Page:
Consumers and e-tail begin to click

More consumers are shopping online and retailers need to keep up with the digital age. They must look beyond high street stores and create a multi-channel retail environment

The UK’s high streets may have had a poor start to the year, but online shopping soared at Christmas despite significantly weaker retail demand, meaning the importance of the internet as a retail channel can no longer be ignored.

According to new research from Royal Mail conducted by Continental Research, half the UK population – 29.4 million people – used the internet to buy gifts last Christmas. This led to a 20 per cent increase in e-tail sales compared with the previous year. Consumers spent more than £3bn online, representing 6.8 per cent of all UK retail sales. By comparison, high street sales grew by just 2.5 per cent over the festive period.

The increase in online retail transactions is part of an overall trend for 2004: total sales for the year have been valued at £14.5bn, which suggests that managing retail in a multi-channel environmentÂ- Web, in store, catalogue and interactive transactions – has come of age. Indeed, the Royal Mail White Paper Report, The Future of Retail: a 2010 Vision, which is a recommendation for action to the internal organisation, predicts that online sales will continue to grow. It forecasts that by 2010, online retail will account for 15 per cent of total retail sales and will be worth about £40.5bn.

According to the report, 46 per cent of UK adults have bought something online and consumers are increasingly keen to shop across a variety of channels. The research shows that one in three respondents expects to do half of their shopping from home by 2010; one-third also expect to shop using interactive and hand-held devices by that year. The challenge for retailers is ensuring that they meet this demand and market it appropriately.

The surge in online shopping is also being driven by consumers using the internet for background research, either through price- comparison sites, chat rooms or “peer review”, where they can seek and exchange information. These activities are transforming the way in which consumers shop online, with 30 per cent of online shoppers now using peer review sites. This trend for shoppers to interchange channels, such as looking for goods in store then going home and ordering online, is a new consumer-driven dynamic and, again, an area that retailers should not ignore.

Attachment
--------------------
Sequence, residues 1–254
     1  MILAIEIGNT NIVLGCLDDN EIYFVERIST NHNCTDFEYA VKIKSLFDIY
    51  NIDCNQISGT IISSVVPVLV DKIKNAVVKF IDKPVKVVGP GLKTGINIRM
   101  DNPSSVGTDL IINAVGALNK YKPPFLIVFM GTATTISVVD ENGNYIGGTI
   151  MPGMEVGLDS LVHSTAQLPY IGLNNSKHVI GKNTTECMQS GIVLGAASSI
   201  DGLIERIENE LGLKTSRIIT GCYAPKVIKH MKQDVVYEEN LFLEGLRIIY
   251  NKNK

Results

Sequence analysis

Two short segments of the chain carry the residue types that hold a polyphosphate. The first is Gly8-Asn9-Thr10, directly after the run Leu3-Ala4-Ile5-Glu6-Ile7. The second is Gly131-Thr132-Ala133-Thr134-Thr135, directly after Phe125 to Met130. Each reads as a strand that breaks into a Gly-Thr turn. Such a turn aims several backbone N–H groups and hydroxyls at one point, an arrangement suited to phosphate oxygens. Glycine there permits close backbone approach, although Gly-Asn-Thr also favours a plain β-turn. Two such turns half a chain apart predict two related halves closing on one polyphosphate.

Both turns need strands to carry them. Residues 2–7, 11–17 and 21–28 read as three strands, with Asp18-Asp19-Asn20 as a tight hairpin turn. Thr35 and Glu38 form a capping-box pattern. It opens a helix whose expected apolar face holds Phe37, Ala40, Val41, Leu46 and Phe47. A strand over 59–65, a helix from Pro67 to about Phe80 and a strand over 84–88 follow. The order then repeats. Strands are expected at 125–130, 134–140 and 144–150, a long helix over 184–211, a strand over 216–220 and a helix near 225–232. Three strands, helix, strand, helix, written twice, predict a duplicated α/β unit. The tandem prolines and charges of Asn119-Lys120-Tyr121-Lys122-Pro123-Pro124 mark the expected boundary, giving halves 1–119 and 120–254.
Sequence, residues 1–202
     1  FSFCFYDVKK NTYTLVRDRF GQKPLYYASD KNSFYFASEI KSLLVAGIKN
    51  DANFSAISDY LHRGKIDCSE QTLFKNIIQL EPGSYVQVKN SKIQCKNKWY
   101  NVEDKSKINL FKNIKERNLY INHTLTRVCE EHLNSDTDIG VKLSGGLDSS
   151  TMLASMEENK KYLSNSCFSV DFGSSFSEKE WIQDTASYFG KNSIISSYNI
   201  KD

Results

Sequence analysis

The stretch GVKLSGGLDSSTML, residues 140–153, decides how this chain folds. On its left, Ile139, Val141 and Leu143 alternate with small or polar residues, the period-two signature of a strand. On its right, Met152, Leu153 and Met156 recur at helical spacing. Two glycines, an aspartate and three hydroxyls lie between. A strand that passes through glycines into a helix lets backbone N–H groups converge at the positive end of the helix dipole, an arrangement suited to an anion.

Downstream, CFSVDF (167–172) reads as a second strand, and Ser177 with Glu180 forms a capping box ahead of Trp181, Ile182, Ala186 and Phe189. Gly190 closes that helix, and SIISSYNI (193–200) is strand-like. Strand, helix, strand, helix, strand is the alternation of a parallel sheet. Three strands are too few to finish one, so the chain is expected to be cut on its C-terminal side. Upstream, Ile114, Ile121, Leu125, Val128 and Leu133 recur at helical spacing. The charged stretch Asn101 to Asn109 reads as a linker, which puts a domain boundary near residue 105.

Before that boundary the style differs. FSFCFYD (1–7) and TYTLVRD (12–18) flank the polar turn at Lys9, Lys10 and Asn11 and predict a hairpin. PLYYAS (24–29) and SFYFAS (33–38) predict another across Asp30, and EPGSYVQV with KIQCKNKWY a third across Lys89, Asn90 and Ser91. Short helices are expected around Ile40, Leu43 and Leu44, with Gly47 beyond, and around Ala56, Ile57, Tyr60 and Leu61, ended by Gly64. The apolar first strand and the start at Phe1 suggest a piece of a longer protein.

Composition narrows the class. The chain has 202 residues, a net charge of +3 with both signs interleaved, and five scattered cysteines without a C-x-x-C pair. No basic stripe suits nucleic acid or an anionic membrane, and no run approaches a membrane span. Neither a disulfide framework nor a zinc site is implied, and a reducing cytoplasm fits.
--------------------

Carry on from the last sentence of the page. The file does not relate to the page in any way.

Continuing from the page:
The challenge facing marketers is how to communicate with consumers in a multi-channel environment without marketing and advertising communications becoming overly complex. Retailers need to understand their consumers and must consider having a presence in the three main shopping channels of store, catalogue and online, in order to build sales.

The importance of catalogues and brochures should not be underestimated, both as a sales channel and as a marketing tool. Royal Mail’s annual tracker research shows that one in three people are provoked to buy online by what they receive through their letterbox. Online retailers increasingly recognise this, with Amazon using brochures to attract new customers and prompt existing ones to buy, while Ebay uses direct mail to tell businesses about the benefits of selling goods through the trading site. For pure e-tailers, a glossy catalogue also provides customers with a convenient substitute for the in-store experience.

For those retailers with only an online presence, developing a relationship with customers is key to success. Figleaves.com understands that communicating with customers in a personalised and targeted manor is effective. To maximise results, marketers can use existing customer data to make mailings more pertinent and to encourage repeat purchases among recipients.

By analysing customer databases it is possible to break the information down into different customer groups for personal targeting, such as best customers or lapsed customers. Targeting at key dates in the retail calendar such as Christmas, or based on past purchasing patterns should also be considered.

The new data streams can also be used for targeting potential new customers when they are most likely to buy. For instance, Royal Mail has developed a change-of-address file that enables retailers to source the addresses of people who have just moved home and then send catalogues to them.

Although the move to online is being driven by consumers, there are many people who have yet to use the internet as a shopping channel and many may still be mistrustful of it. Retailers need to consider how best to promote the benefits and advantages of multi-channel shopping and make them aware of the security measures they have in place.

The Royal Mail research shows that 27 per cent of people do not know what attributes would encourage them to shop from home more often. The report concludes that marketers must grasp multi-channel retail and explain to consumers what is different about the products and services, such as range, price or specialised delivery, to encourage future demand.

Marketing methods such as posted newsletters inviting people to go online are essential, but these could be reinforced across various channels, for example by putting a company’s website address on carrier bags or on delivery vans.

Retailers can combine an acute understanding of their customers with an intelligent use of media. If the execution is right and the marketing messages are tailored to a multi-channel audience, consumers will hear about and endorse products themselves.

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